Today, Novitzky is a special agent for the US Food and Drug Administration, but in his previous career at the Internal Revenue Service he cracked the Balco scandal, exposing how a small San Francisco Bay nutritional supplement company had supplied baseball, football and track and field stars with the most sophisticated drugs.
The Balco case led to the downfall of Jones and the British sprinter Dwain Chambers among other athletes. Bonds was but the most celebrated of the baseball stars implicated in the affair, that laid bare the extent of the cheating at the top levels of America's venerable "national pastime". Novitzky's methods have become legendary – how he would go through rubbish bins at Balco at the dead of night to assemble evidence, how once he has a target in his sights he does not let go. His questioning was "like a Cold War investigation," said a key witness in the case Novitzky has helped build against Roger Clemens, one of baseball's greatest ever pitchers, who last year was charged with perjury, for denying to Congress that he used performance-enhancing drugs.
Novitzky's personal appearance has only added to the legend. He is thin and bean-pole tall, at 6ft 6 ins, with a shaven bald head. Many have likened him, in style if not physique, to Eliot Ness, the relentless and incorruptible pursuer of Al Capone in the 1930s, who finally nailed the gangster for tax evasion. He has been criticised too, for abusing his powers and violating the constitutional rights of suspects. Some simply wonder whether, when the public finances are under pressure as never before, it is justifiable to spend tens of millions of dollars investigating star athletes who may have cheated but broke no laws in doing so.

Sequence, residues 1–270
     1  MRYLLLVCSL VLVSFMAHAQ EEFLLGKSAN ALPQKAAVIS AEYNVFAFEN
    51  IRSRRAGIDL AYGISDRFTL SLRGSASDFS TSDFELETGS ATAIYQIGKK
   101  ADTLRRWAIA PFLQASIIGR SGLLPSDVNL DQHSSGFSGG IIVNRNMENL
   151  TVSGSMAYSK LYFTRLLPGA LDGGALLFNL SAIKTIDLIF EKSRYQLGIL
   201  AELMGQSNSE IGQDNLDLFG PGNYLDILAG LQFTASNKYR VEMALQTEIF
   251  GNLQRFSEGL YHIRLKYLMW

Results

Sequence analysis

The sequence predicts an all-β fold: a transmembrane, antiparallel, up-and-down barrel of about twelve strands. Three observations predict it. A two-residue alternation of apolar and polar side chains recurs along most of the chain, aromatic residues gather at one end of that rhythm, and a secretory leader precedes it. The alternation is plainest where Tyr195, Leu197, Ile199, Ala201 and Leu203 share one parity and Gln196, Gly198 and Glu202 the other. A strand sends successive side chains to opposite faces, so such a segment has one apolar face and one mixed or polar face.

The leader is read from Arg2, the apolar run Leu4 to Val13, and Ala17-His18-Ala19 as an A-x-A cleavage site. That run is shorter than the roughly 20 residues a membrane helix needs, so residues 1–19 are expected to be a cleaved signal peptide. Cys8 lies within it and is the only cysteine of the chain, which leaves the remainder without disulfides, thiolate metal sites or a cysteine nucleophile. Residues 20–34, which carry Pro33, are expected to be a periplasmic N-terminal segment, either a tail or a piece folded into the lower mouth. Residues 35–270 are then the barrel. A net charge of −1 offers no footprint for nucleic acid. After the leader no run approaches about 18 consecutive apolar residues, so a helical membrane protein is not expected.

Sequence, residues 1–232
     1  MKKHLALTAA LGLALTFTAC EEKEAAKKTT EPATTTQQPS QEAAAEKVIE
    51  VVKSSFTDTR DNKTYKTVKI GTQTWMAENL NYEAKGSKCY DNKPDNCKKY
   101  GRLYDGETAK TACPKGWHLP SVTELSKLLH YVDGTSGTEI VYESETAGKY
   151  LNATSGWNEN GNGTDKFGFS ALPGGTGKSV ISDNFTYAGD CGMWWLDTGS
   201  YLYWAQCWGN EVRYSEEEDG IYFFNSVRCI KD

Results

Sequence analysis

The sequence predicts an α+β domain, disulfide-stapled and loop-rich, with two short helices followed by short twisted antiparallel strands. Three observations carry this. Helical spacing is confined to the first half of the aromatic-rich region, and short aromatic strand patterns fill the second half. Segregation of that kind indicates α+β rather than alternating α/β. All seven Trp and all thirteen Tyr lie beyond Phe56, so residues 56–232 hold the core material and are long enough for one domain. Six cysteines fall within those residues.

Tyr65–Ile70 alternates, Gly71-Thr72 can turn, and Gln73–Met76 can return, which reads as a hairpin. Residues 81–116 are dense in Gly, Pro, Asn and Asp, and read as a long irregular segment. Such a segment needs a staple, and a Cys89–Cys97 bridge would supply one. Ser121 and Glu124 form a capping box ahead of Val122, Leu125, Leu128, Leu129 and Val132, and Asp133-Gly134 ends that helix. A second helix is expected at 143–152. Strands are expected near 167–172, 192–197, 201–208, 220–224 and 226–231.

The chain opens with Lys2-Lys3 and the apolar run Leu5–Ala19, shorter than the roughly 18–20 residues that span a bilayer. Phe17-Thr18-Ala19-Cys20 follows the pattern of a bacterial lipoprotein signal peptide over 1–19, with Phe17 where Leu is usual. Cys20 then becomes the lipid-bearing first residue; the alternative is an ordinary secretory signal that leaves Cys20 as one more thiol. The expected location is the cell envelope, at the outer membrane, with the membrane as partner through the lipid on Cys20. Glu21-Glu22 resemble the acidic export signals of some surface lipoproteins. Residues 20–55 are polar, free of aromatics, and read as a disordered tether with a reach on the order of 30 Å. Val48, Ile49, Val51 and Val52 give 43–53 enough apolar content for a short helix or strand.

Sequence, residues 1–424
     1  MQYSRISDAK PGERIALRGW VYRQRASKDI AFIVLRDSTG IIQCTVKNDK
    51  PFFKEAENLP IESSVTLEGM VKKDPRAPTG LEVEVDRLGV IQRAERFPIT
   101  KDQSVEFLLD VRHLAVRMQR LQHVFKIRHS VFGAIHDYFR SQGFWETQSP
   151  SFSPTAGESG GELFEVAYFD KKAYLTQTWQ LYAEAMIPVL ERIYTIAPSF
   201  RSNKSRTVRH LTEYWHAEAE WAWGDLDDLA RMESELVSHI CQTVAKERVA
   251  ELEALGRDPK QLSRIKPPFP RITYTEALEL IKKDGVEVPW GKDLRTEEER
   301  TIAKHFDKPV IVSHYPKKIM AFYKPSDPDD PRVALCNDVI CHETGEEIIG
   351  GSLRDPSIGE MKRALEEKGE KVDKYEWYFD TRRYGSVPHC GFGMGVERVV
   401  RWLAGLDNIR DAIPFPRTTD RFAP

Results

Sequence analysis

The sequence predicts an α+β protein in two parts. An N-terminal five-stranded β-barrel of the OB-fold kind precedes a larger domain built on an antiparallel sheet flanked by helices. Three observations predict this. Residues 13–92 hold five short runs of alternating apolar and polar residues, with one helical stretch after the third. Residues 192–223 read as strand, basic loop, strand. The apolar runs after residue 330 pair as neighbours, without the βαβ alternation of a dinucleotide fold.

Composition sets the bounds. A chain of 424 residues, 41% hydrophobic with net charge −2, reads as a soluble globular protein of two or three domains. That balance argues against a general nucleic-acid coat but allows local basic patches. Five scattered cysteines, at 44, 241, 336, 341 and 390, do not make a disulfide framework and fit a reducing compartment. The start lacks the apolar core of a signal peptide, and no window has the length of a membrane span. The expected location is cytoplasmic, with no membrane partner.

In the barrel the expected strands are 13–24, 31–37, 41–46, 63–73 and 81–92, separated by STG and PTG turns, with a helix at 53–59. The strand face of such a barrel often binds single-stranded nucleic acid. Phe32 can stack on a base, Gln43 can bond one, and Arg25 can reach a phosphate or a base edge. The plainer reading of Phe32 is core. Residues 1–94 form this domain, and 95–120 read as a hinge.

The Armstrong case raises that quandary in especially painful form. Bonds, whether or not he is ultimately found guilty in the trial which begins on 21 March, has never been a popular figure, while Jones's successes as a sprinter were always coloured by the suspicion they were artificially aided.
This time however Novitzky's target is a national hero, a survivor of testicular cancer who came back to compile an almost unbelievable record in one of the most gruelling sporting events on earth – a man as famous for the yellow plastic "Livestrong" bracelets issued by the cancer-fighting Lance Armstrong Foundation as for the yellow jersey he made his personal property at the Tour de France. And the moment of truth, it would seem, is fast approaching.